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Nest Labs Opens Door to 3rd-Party Devs


 

Nest Labs on Thursday said it would open its communications platform to third-party developers for the first time, which will allow outside home device makers to set up products that communicate directly with Nest products.
Nest announced an update to its Nest Weave communications protocol that will allow outside developers to link other home devices to its own. With the new communications platform, the products will be able to work seamlessly without slow connection speeds or other glitches that make the products incompatible.
The Linus Lock by Yale, a high-tech home door lock that can lock itself, sync with smartphones, and let customers provide special passcodes to family members and friends, will be the first outside product to use Nest Weave, providing a direct communications link between the lock and various Nest Lab home devices.Nest Labs announced a new application protocol interface for its Nest Cam home security camera, which allows third party developers to create integrated products to work with the camera. The first companies to do so include August, Mimo, Petnet, Phillips hue and Skybell.

Compatibility Is Key
By allowing third-party developers to find new applications to connect with the Nest Lab products, the company really is opening up new opportunities to create much faster and more reliable integration of the various home devices, said Tirias Research analyst Kevin Krewell."The real proof that the program works will come when these third-party products ship and work seamlessly together," he told TechNewsWorld. "For home automation to become a big market, it must be easy to connect these devices together, set up rules and operations, and have them be secure -- all without requiring a professional installer or an engineering degree."Nest Labs will include these developers in its online store with certified products, which will give consumers a level of confidence that the various products are compatible, the company said.The Nest Labs products are part of a growing home automation business that provides consumers with everything from automated security to temperature control, fire safety and energy savings.The thermostat, which was the first major product from Nest Labs, allows users to change the temperature remotely from a home computer or make other changes inside the home from a remote location. The company also has products that monitor home security, detect smoke and provide other services.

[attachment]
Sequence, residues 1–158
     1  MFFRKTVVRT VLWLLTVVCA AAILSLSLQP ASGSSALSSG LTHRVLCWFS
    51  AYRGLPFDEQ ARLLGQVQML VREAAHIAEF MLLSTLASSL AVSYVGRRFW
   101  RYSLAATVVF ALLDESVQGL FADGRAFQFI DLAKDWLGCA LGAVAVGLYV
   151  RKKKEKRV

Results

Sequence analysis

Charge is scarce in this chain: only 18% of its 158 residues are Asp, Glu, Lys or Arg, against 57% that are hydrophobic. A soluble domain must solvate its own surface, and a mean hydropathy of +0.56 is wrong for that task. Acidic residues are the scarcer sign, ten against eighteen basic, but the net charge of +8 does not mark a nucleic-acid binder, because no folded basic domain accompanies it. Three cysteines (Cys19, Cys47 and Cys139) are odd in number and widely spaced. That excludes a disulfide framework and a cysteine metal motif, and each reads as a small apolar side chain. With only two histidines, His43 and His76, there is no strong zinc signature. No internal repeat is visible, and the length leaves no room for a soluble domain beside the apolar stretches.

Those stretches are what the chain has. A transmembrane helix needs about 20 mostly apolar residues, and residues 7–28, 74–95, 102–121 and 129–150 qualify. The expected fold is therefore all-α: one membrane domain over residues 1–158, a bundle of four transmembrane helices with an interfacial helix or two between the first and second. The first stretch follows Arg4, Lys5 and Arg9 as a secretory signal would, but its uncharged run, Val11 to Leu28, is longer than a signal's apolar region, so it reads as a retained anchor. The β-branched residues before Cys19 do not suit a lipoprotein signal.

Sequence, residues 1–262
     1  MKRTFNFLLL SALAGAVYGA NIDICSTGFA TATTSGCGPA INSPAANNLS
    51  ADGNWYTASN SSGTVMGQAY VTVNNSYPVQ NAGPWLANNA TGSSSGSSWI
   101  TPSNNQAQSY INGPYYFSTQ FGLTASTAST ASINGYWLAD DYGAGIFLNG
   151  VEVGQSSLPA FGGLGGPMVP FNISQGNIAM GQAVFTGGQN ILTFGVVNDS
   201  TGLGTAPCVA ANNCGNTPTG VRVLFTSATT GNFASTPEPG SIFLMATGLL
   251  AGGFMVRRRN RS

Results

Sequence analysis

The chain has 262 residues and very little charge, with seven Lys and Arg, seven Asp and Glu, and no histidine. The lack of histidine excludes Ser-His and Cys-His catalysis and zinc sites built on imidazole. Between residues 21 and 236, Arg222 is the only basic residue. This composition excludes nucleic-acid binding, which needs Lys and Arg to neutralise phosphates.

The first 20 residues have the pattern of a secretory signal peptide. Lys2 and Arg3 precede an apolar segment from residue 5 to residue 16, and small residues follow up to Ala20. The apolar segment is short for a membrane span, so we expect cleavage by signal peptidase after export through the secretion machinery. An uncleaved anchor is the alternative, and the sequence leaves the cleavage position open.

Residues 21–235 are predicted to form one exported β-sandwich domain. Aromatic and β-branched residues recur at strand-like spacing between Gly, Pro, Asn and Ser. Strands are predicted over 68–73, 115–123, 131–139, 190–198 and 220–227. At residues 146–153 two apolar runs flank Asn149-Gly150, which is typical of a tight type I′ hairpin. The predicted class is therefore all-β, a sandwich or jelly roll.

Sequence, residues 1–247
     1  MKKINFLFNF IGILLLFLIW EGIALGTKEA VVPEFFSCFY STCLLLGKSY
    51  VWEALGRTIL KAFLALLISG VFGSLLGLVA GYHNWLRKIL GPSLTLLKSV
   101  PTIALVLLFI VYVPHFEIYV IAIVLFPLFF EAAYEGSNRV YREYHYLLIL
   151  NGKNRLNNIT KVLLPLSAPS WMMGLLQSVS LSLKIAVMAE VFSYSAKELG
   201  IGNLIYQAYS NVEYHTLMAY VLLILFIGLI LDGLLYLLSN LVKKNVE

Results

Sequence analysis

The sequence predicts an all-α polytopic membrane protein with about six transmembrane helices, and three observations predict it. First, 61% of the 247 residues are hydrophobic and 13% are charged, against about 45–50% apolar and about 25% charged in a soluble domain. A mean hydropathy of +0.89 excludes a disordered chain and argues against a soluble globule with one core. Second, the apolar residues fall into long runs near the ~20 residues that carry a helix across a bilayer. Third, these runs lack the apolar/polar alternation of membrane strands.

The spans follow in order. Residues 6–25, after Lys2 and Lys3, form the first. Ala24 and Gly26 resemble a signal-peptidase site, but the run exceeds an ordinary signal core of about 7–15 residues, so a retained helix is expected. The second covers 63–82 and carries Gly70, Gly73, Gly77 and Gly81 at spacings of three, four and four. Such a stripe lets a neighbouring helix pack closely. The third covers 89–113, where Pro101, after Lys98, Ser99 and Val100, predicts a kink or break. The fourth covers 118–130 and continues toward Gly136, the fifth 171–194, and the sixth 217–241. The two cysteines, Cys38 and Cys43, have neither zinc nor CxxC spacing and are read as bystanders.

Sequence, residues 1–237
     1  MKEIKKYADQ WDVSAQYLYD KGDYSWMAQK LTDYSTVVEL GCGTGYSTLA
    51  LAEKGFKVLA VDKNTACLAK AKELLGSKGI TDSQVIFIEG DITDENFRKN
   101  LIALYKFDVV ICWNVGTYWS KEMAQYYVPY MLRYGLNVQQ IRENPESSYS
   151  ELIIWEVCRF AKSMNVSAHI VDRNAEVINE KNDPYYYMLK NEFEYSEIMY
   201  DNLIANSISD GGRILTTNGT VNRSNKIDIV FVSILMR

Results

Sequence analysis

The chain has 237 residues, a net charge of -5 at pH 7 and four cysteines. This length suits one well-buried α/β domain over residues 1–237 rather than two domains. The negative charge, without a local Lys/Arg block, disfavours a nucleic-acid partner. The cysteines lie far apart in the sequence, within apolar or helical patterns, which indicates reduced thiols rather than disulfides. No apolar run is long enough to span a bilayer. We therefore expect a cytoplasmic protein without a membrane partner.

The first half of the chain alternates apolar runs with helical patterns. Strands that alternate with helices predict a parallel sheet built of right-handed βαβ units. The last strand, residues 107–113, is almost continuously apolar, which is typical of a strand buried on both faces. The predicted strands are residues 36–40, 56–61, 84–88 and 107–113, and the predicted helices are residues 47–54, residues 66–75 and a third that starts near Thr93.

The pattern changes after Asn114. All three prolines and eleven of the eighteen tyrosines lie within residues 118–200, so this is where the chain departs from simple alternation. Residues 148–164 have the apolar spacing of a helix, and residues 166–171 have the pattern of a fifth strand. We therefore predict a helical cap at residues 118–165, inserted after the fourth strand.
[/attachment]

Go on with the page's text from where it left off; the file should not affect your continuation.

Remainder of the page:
Consequence or Coincidence?
Nest's third-party initiative comes just months after Apple stopped selling Nest Labs products at its retail stores, a move widely seen as preparation by the tech giant to make its own major push into the home automation market.Between Apple and Nest Labs, which is now part of the Alphabet conglomerate that includes Google, there really aren't any major players of note that can bring comparable financial and marketing power to the table, said Chet Geschinckter, a technology analyst at GartnerMicrosoft is not a major player in the space, and although Cisco made an attempt to play in this market, it pulled back, he told TechNewsWorld."The home automated market is definitely starting to reach mainstream adoption," Geschinckter pointed out.That said, Nest Labs spokesperson Ivy Choi denied that the Apple move had any bearing on the timing of today's announcement.
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